Information on California Proposition 57 (New!)

Prop 57: Early Parole for Non-Violent Criminals

On November 8, 2016, California voters voted to approve proposition 57, also known as California's Early Parole for Non-Violent Criminals and Juvenile Court Trial Requirements Initiative.

Proposition 57, or simply Prop 57, was added as a new part of the California Constitution found at Article 1, Section 32.

Prop 57 dramatically changes California adult sentencing law as well as juvenile court procedures in the following ways:

1) Per Prop 57, California prisoners convicted of non-violent felonies may apply for early release on parole after the prisoner completes the full term of any primary offense for which the prisoner was convicted.

The full term of any primary offense means the longest term of imprisonment imposed by the court for any offense, excluding the imposition of an enhancement, consecutive sentence, or alternative sentence.

Pre-existing good time credits for prison sentences on the primary offense continue to apply.

2) Prop 57 allows inmates the ability to earn more good conduct credits while in prison. The more good conduct credits the prisoner earns while in prison the earlier the prisoner may be released on parole.

Good conduct credits fall into three major categories: good behavior, educational, or rehabilitative. Good conduct credits may be used for earlier release to parole on all crimes (including violent crime), not just non-violent crimes.

3) Prop 57 allows judges, not prosecutors, to determine whether or not a minor is considered a juvenile for purposes of prosecution. The issue of whether a minor qualifies as a juvenile is determined at a transfer hearing.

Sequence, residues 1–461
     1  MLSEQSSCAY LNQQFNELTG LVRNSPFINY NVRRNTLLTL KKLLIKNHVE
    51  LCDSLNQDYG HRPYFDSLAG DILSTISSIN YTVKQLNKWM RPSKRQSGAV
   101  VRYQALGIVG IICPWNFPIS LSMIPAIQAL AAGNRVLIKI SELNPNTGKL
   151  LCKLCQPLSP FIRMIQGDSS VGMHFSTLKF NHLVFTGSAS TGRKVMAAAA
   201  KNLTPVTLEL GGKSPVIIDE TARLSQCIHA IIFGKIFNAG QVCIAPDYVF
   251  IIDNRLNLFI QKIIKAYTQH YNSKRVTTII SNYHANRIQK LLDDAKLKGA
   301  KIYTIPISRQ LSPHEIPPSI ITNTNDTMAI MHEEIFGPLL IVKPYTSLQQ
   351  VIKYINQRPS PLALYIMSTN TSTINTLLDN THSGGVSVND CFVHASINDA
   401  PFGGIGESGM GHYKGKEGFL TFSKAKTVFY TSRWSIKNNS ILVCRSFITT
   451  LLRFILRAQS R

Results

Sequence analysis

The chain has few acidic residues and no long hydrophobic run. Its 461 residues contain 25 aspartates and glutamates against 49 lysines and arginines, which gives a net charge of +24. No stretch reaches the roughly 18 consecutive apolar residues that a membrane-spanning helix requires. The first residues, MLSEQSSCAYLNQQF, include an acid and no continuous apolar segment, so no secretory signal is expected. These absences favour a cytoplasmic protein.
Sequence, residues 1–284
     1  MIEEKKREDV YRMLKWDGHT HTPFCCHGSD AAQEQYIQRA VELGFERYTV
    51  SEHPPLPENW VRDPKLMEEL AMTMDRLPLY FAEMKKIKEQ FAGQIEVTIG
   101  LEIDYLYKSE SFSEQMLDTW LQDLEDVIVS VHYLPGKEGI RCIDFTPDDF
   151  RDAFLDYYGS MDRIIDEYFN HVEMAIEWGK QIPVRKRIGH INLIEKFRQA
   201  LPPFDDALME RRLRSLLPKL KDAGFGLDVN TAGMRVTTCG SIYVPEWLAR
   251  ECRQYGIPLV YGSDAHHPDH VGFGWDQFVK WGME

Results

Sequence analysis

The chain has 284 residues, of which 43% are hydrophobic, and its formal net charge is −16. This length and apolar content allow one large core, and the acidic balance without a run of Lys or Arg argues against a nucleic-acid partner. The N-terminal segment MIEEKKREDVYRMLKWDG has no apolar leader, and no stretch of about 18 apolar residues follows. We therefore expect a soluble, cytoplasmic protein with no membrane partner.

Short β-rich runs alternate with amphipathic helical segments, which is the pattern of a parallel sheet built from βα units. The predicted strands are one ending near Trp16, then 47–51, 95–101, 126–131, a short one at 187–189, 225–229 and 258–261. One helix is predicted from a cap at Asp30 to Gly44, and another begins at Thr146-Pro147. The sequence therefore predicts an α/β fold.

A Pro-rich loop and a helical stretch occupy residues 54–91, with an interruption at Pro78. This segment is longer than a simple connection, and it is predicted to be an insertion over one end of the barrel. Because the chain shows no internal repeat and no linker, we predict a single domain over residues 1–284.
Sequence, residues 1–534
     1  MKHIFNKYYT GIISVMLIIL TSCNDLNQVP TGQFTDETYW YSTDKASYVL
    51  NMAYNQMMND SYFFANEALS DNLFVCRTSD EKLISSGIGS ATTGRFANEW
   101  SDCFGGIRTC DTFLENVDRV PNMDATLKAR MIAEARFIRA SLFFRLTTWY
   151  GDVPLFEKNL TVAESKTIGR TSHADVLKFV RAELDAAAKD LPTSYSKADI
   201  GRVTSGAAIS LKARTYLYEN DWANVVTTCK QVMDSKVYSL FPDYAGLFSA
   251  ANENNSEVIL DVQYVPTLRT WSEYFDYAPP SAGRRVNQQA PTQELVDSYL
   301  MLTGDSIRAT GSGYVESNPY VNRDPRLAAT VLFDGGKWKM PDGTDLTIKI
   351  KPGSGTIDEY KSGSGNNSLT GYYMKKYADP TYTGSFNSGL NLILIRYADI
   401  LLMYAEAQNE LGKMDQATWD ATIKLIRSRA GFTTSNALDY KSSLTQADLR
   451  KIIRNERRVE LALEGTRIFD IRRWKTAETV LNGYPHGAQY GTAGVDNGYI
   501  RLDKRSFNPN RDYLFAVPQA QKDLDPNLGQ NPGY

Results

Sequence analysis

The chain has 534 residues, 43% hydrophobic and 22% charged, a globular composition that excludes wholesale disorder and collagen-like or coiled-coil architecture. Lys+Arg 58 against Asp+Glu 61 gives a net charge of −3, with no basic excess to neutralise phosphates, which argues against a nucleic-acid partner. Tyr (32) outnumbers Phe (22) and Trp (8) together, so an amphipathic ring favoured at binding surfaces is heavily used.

Per Prop 57, to be granted early parole, all inmates, current and future, must demonstrate that they are rehabilitated and do not pose a danger to the public.

Prop 57 Procedures:

The California Board of Parole Hearings determines who is rehabilitated and therefore eligible for early release. Any prisoner approved for release will be subject to mandatory supervision by law enforcement. An inmate's petition for early release can, but not necessarily lead to the following:

The Department of Corrections can choose to have convicted felons only serve a sentence for one of their offenses (the primary offense with time off for any good time credits).
Extra enhancements can be disregarded, and a person can be released early if the California Department of Corrections feels that they should be released early.
What is a non-violent felony?:

Neither Prop 57, nor California law, defines non-violent felonies; however, violent felonies are listed in California Penal Code section 667.5. Violent felonies are also listed in this page at right. If a felony is not listed at the right of this page then the felony should be considered non-violent, and therefore, covered under the benefits of Prop 57.